Supreme Court, on or about May 22, 2016, Petitioner filed the
instant federal habeas corpus application. In response
thereto, the State of Louisiana has filed an Opposition (R.
Doc. 8) wherein the State asserts, inter alia, that
Petitioner's application is subject to dismissal because
he has failed to exhaust state court remedies relative to all
of the claims asserted herein. Specifically, the State
asserts that because the claims asserted in Petitioner's
state court post-conviction relief application have not been
substantively reviewed by the Louisiana Supreme Court, they
have not been exhausted as mandated by 28 U.S.C. § 2254.
In response to this assertion, Petitioner has filed the
instant Motion for Stay and Abeyance, seeking to be allowed
to exhaust his admittedly unexhausted claims "so that he
may allow his Post-Conviction Application to properly be
adjudicated by the State Courts." (See R. Doc.
the threshold requirements for a federal habeas corpus
application under § 2254 is that, subject to certain
exceptions, a petitioner must have first exhausted in state
court all of his claims before presenting them for review
before the federal district court. 28 U.S.C. §
2254(b)(1) ("An application for a writ of habeas corpus
on behalf of a person in custody pursuant to the judgment of
a State court shall not be granted unless it appears that . .
. the applicant has exhausted the remedies available in the
courts of the State.) The Supreme Court has interpreted
§ 2254(b)(1) to require dismissal of a habeas corpus
petition if it contains even a single unexhausted claim - the
"total exhaustion" requirement. Rose v.
Lundy, 455 U.S. 509, 518-19 (1982).
the foregoing, in Rhines v. Weber, 544 U.S. 269,
(2005), the Supreme Court created an exception to
Lundy under certain circumstances for
"mixed" petitions, i.e., for those
petitions presenting both exhausted and unexhausted claims.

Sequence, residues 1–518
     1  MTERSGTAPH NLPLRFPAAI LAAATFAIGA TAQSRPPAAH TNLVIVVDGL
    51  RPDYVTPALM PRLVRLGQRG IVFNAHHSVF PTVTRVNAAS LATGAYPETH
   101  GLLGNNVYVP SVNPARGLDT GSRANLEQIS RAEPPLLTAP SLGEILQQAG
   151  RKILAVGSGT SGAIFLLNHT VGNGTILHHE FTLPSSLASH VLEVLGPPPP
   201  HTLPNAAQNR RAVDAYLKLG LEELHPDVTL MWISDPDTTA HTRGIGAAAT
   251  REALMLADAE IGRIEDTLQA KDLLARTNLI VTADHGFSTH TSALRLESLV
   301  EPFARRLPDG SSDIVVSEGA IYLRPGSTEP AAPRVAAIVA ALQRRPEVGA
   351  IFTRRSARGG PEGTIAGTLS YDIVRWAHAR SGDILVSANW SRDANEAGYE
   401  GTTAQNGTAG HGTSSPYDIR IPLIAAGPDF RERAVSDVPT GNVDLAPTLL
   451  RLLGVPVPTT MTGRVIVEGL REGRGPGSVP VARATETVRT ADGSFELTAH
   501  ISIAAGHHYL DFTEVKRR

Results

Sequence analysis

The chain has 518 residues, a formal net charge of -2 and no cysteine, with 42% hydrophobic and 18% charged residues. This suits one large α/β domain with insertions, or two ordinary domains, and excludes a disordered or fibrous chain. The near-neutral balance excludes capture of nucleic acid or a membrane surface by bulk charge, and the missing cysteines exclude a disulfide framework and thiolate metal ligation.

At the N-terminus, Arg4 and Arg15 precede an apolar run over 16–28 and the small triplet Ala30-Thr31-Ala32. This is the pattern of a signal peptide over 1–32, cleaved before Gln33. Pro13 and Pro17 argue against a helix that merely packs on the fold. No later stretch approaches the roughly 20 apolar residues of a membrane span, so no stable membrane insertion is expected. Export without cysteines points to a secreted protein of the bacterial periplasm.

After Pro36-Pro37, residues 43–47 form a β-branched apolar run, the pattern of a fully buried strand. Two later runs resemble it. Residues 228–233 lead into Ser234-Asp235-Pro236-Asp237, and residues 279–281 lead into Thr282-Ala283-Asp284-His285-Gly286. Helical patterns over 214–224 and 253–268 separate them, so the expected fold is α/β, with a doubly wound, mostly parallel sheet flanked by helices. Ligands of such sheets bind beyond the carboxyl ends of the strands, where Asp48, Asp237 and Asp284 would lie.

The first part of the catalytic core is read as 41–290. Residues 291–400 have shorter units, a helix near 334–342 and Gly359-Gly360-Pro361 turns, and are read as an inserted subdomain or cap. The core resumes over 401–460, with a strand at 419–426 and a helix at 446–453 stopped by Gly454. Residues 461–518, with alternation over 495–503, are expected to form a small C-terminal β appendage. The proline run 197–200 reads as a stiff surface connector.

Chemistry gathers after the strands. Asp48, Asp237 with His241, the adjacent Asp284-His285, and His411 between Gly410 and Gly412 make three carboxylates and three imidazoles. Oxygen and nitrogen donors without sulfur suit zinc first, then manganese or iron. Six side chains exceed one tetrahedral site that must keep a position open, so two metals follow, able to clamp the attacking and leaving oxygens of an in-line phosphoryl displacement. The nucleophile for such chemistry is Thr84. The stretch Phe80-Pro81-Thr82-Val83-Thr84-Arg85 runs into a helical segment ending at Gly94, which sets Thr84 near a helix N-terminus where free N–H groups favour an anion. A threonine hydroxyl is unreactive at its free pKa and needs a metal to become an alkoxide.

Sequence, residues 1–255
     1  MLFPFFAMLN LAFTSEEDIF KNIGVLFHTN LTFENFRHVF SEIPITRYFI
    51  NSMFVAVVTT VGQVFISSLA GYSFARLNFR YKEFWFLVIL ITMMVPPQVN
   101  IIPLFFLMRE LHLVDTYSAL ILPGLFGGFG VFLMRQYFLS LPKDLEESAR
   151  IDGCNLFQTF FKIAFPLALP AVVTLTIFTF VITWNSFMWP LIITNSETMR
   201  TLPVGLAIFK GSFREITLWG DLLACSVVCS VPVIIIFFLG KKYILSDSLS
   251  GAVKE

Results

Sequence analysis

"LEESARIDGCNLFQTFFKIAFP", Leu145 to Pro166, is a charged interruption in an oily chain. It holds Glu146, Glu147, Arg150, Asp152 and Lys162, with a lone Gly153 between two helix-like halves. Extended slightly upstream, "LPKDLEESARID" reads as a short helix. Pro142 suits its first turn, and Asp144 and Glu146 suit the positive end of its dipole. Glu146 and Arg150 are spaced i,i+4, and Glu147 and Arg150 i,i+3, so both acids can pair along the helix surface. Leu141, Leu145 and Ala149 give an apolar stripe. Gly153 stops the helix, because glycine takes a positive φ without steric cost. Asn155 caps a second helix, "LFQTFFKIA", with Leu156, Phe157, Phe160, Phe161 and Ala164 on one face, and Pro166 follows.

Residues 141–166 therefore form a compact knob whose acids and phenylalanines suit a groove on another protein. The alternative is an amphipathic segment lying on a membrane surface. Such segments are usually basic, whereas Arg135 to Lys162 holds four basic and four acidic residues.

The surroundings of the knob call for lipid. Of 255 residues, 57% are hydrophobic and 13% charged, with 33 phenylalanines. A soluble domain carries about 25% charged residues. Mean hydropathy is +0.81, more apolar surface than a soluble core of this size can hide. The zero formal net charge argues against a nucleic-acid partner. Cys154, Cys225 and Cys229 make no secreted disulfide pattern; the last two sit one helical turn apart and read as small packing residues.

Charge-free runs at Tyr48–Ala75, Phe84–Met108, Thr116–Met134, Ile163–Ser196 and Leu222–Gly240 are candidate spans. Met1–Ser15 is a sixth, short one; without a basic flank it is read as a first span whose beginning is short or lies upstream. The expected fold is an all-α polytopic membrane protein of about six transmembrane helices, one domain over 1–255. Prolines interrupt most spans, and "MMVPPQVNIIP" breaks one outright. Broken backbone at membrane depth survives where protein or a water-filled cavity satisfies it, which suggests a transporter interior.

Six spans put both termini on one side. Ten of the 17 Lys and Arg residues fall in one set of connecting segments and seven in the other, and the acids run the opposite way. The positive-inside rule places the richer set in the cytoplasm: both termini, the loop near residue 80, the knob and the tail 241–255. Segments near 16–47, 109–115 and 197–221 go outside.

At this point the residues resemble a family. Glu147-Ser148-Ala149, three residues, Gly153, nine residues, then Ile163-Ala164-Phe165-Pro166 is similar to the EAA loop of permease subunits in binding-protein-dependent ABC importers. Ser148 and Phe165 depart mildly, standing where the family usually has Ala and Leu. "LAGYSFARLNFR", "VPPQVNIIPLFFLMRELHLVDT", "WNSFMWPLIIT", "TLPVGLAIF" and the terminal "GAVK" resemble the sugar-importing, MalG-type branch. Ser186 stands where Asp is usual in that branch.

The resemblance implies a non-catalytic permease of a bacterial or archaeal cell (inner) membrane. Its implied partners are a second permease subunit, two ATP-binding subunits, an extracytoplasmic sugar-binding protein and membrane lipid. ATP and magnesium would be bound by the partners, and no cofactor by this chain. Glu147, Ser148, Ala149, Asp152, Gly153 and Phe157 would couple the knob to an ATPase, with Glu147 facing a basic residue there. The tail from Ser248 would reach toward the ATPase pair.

In Rhines, the Supreme Court held that, when
appropriate, a district court has discretion to stay a mixed
petition rather than dismiss it, holding the petition in
abeyance while the petitioner seeks exhaustion of any
unexhausted claims in state court. Id. The Court was
concerned, however, that a liberal use of this
stay-and-abeyance procedure might undermine the Antiterrorism
and Effective Death Penalty Act's twin purposes of
encouraging the swift execution of criminal judgments and
favoring the resolution of habeas claims in state court, if
possible, before resorting to federal review. Id. at
276-78. Therefore, Rhines declared that a district
court should grant a stay and abeyance only in limited
circumstances where: (1) a petitioner is able to show good
cause for his failure to first exhaust his claims in state
court, (2) his unexhausted claims are potentially
meritorious, and (3) there is no indication that the
petitioner has engaged in intentionally dilatory litigation
tactics. Id. As stated in Rhines, relative
to the first requirement:
Staying a federal habeas petition frustrates AEDPA's
objective of encouraging finality by allowing a petitioner to
delay the resolution of the federal proceedings. It also
undermines ADEPA's goal of streamlining federal habeas
proceedings by decreasing a petitioner's incentive to
exhaust all his claims in state court prior to filing his
federal petition .... For these reasons, stay and abeyance
should be available only in limited circumstances. Because
granting a stay effectively excuses a petitioner's
failure to present his claims first to the state courts, stay
and abeyance is only appropriate when the district court
determines there was good cause for the petitioner's
failure to exhaust his claims first in state court.
544 U.S. at 277.
the United States Supreme Court nor the United States Court
of Appeal for the Fifth Circuit has clearly articulated the
standard that should be applied in determining whether good
cause exists in this context. See Baldwin v. Thaler,
2011 WL 744742 (S.D. Tex. Jan. 27, 2011). "However, good
cause clearly requires more than merely a good excuse,
because the Supreme Court did not intend to grant unbridled
discretion to stay and abate." Baldwin v.
Thaler, 2011 WL 744742 (S.D. Tex. Jan. 27, 2008),
Magistrate Judge' Recommendation adopted inpertinent part, 2011 WL 754885 (S.D. Tex. Feb. 23,
2011). See also Ruiz v. Quarterman,504 F.3d ...